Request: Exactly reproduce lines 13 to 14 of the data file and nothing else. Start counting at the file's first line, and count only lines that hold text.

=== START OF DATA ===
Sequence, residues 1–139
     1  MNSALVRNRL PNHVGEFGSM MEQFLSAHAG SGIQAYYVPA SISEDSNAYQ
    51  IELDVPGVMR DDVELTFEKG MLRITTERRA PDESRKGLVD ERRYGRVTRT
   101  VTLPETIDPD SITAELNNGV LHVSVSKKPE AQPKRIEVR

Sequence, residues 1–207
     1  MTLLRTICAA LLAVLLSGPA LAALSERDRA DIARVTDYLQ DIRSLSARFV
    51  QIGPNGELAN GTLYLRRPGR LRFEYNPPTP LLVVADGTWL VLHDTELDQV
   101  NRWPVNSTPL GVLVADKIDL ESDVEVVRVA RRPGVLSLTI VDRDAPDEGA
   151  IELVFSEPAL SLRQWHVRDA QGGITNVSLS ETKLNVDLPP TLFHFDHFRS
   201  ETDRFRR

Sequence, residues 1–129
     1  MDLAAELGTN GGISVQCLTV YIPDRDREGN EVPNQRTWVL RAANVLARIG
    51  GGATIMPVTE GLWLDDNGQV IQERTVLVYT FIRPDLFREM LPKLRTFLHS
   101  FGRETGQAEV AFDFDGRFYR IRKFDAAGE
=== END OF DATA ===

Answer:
    51  GGATIMPVTE GLWLDDNGQV IQERTVLVYT FIRPDLFREM LPKLRTFLHS
   101  FGRETGQAEV AFDFDGRFYR IRKFDAAGE